People no longer learn to write because they don't need the skill. Yes, lawyers need the skill, but doctors, nurses, and other medical professionals do not. Most of the masculine jobs--building trades, truck drivers, steelworkers--do not. Many of the feminine jobs--waiting tables, administration, retail sales--do not.
When we look at the jobs that are available in this economy, more and more of them do not require writing skills. If they do require such skills, the jobs are done badly and no one seems to care. I remember in my college days watching Chinese students trying to shelve library books. They would look at the spine of the book with a mystified look in their eyes. They had spent ten years of their lives learning to read and write Chinese characters and now were faced with the question of whether "i" comes after "j" in the alphabet.
Ezra Pound remarked--actually preached--that a society that does not value poetry cannot produce great poets. It is the same with writing skills today. Our society values those who can speak, not those who can write. Illiterate people get elected to congress--my congressman in Florida had several new car franchises, but I doubt whether he could pass a freshman English class. Corporate CEOs need to present themselves well in person, but they can hire people to write their autobiographies. The skill of writing will inevitably erode as long as it is not the passport to highly paid positions.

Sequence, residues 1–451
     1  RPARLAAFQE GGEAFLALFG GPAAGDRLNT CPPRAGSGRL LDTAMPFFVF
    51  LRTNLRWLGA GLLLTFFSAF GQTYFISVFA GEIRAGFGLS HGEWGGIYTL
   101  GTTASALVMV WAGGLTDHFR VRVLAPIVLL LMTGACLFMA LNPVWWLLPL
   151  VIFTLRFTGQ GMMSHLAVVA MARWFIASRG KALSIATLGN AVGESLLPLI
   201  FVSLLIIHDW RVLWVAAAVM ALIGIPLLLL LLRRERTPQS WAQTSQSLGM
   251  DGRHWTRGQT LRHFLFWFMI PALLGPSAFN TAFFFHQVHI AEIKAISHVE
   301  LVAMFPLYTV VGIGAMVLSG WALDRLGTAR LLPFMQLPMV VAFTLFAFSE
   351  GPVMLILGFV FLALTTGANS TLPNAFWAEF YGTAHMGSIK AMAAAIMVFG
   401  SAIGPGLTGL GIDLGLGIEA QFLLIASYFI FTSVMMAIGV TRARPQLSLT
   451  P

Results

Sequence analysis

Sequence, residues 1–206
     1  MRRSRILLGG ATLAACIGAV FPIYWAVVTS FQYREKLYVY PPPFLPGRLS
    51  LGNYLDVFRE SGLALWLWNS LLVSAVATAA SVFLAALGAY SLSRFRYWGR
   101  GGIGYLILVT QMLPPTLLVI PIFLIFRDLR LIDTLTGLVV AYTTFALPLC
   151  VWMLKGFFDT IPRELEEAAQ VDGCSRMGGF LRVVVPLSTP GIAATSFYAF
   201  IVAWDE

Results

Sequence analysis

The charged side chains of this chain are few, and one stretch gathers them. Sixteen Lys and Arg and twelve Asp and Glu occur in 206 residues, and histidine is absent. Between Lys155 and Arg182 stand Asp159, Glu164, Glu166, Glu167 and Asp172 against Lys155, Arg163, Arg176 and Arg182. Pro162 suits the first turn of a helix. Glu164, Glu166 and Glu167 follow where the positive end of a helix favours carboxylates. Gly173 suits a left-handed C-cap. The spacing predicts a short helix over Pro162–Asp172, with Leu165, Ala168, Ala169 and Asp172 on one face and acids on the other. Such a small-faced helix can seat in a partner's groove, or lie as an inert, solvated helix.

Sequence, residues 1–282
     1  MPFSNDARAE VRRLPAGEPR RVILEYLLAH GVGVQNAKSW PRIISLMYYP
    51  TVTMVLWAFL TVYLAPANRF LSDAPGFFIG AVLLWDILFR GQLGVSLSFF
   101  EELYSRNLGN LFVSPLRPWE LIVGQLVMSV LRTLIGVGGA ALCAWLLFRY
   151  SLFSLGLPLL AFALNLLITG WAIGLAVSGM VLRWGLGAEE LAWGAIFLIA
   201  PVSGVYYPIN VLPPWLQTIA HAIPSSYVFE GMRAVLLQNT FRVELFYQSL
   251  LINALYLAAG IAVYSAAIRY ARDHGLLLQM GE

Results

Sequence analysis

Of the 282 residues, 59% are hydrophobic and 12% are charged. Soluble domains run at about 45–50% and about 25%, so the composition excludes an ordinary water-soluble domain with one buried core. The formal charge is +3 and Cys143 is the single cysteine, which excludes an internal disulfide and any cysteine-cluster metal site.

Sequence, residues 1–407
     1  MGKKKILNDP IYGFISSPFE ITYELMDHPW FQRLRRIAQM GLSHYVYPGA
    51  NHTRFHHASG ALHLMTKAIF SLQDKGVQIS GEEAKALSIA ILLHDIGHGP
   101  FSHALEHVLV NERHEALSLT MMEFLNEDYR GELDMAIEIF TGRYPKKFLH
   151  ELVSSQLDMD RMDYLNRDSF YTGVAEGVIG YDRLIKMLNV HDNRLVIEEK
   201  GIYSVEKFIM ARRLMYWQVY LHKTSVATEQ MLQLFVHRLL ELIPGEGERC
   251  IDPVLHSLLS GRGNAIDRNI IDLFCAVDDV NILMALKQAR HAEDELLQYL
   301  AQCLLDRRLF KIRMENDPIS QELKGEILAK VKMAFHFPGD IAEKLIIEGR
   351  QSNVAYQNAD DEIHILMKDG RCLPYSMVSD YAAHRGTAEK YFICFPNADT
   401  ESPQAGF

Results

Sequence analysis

Today, there is no job description called "writer". Even the job of journalist is disappearing--Huffington Post, the most successful online news aggregator, pays most of its writers nothing. Newspapers and magazines are going out of business in a cascade of business failures because an article written for the NY Times today can appear in 500 newspapers tomorrow. Only one journalist got paid!
There is no solution to this problem. The importance of the written word is declining. People who can think rationally will always be in demand, however. We should learn to use our reasoning skills in channels that do not include putting words onto paper.